Although the relationship between COVID-19 and the development of bullous lung disease is poorly understood, an emerging association has been described (19–21). Development of bullae following COVID-19 has been reported in male patients between 30 and 55 years of age with no prior history of pulmonary disease or history of mechanical ventilation, similar to our patient. The severity of acute presentation can vary between mild-to-moderate COVID-19 with bullous lung changes noted as early as 14 days after initial infection (15–18). Surgical intervention was not routinely offered to these patients and was only deemed necessary based on the presence of respiratory complications.
The mechanism of bleb formation and potential bullae development is unclear. Historically late-stage Acute Respiratory Distress Syndrome (ARDS) in patients on mechanical ventilation has been reported to be associated with a significantly higher number of bullous lesions and structural changes, with late-stage ARDS described as a restrictive lung disease with superimposed emphysema-like lesions (22). These findings support the hypothesis that structural changes over time may lead to an air-filled cavity kept open by a feeding airway acting as a one-way valve with subsequent formation of large lung bullae (22, 23). Multiple cases of delayed parenchymal destruction leading to bullous disease have been reported in the literature, which points toward some form of continued alveolar destructive process or lung parenchymal remodeling (16, 24, 25). Van der Klooster and Grootendorst have proposed that disruption of the protease–antiprotease balance in the lungs may be one of the underlying mechanisms related to cocaine or smoking-induced bullous lung disease, and there is evidence that this mechanism may exist in severe cases of pneumonia (26). Alternatively, Braun et al. reported a marked reduction in the functional activity of alpha-1 proteinase inhibitor in patients with acute pneumonia resulting in increased proteolytic damage of lung tissue (27). It may be possible that a similar imbalance occurs during SARS CoV-2 infection resulting in the formation of bullae.
Lung injury as a consequence of COVID-19 results in exudative diffuse alveolar damage (DAD) and later interstitial myofibroblastic proliferation and septal collagen deposition with mural fibrosis during the late or organizing stage of DAD (28). Sustained inflammation and alveolar injury may then result in further distension of alveoli with disruption of alveolar septa. These pathological changes are similar to prior lung injury noted during both the SARS and MERS epidemics where the development of fibrotic changes with septal thickening and formation of blebs were reported in infected patients (29, 30). These studies also showed the development of thin or thick reticular lines producing a lattice effect with significant distortion of lung anatomy and formation of organizing densities further into the disease course, likely predisposing to the formation of blebs (30). Similar findings of cystic lung disease in patients with a history of SARS without mechanical ventilation have also been reported (30). It was postulated that the formation of cysts and eventually blebs maybe associated with the development of ischemic parenchymal damage probably related to hypoxia, lung fibrosis, low lung compliance, and resultant injury from the inflammatory exudate (31–33). Whether this mechanism also occurs in patients who develop such lesions post-recovery from COVID-19 remains to be determined.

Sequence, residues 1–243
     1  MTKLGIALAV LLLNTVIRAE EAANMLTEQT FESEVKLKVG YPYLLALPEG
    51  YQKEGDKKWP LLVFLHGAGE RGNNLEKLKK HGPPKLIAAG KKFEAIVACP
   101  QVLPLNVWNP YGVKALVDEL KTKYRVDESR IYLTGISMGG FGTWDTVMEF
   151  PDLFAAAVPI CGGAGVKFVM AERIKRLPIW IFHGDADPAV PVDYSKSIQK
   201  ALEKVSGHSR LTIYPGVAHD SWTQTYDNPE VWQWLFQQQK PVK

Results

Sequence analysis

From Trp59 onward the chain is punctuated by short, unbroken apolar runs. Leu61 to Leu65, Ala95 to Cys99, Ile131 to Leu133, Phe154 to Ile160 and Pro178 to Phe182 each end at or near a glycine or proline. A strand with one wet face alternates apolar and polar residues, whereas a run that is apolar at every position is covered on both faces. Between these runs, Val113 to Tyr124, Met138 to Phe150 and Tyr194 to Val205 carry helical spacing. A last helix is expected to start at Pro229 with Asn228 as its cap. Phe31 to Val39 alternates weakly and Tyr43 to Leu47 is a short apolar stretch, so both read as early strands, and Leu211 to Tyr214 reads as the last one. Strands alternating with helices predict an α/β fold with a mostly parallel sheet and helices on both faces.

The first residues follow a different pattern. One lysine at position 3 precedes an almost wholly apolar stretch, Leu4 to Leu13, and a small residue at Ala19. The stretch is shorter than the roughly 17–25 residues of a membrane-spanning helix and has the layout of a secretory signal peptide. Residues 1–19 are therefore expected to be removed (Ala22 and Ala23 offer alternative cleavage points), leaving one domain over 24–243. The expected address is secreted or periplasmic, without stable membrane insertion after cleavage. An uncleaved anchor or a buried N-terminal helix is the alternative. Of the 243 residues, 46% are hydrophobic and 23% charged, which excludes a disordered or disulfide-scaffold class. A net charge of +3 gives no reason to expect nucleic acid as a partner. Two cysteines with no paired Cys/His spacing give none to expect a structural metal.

As the pandemic continues, there is a need to understand the multiple respiratory manifestations of post-acute sequelae of COVID-19. We present this case of bullous lung disease secondary to SARS CoV-2 infection to add to the literature with regard to post-COVID-19-related lung disease. While there has been concern centered around the potential development of interstitial lung disease, other respiratory complications do need to be identified. There is an imminent need for more investigative efforts to unravel the mechanisms leading to post-infectious lung injury and to identify risk factors for the development of post-infectious lung disease and determine the role of preventive therapy.
Data Availability Statement
The original contributions presented in the study are included in the article/supplementary material, further inquiries can be directed to the corresponding author/s.
Written informed consent was obtained from the individual(s) for the publication of any potentially identifiable images or data included in this article.
PP, KA, CR, and DL reviewed the medical literature, clinically managed the patient, prepared the figures, and manuscript. RH reviewed the relevant histopathology, prepared the figures, and manuscript. All the authors contributed to the conception, drafting, and final approval of the submitted work.
This work was supported by the NIH/NHLBI 1K08HL151970-01 (CR).
Conflict of Interest
The authors declare that the research was conducted in the absence of any commercial or financial relationships that could be construed as a potential conflict of interest.
All claims expressed in this article are solely those of the authors and do not necessarily represent those of their affiliated organizations, or those of the publisher, the editors and the reviewers. Any product that may be evaluated in this article, or claim that may be made by its manufacturer, is not guaranteed or endorsed by the publisher.
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Keywords: COVID-19, bullous lung disease, post-acute COVID-19, SARS CoV-2, post-COVID “Long Haulers”
Citation: Pednekar P, Amoah K, Homer R, Ryu C and Lutchmansingh DD (2021) Case Report: Bullous Lung Disease Following COVID-19. Front. Med. 8:770778. doi: 10.3389/fmed.2021.770778
Received: 04 September 2021; Accepted: 12 October 2021;
Published: 17 November 2021.
Edited by:Karolina Henryka Czarnecka-Chrebelska, Medical University of Lodz, Poland
Reviewed by:Fateen Ata, Hamad Medical Corporation, Qatar
Arshed Parry, Sher-I-Kashmir Institute of Medical Sciences, India
Copyright © 2021 Pednekar, Amoah, Homer, Ryu and Lutchmansingh. This is an open-access article distributed under the terms of the Creative Commons Attribution License (CC BY). The use, distribution or reproduction in other forums is permitted, provided the original author(s) and the copyright owner(s) are credited and that the original publication in this journal is cited, in accordance with accepted academic practice. No use, distribution or reproduction is permitted which does not comply with these terms.
*Correspondence: Denyse D. Lutchmansingh, firstname.lastname@example.org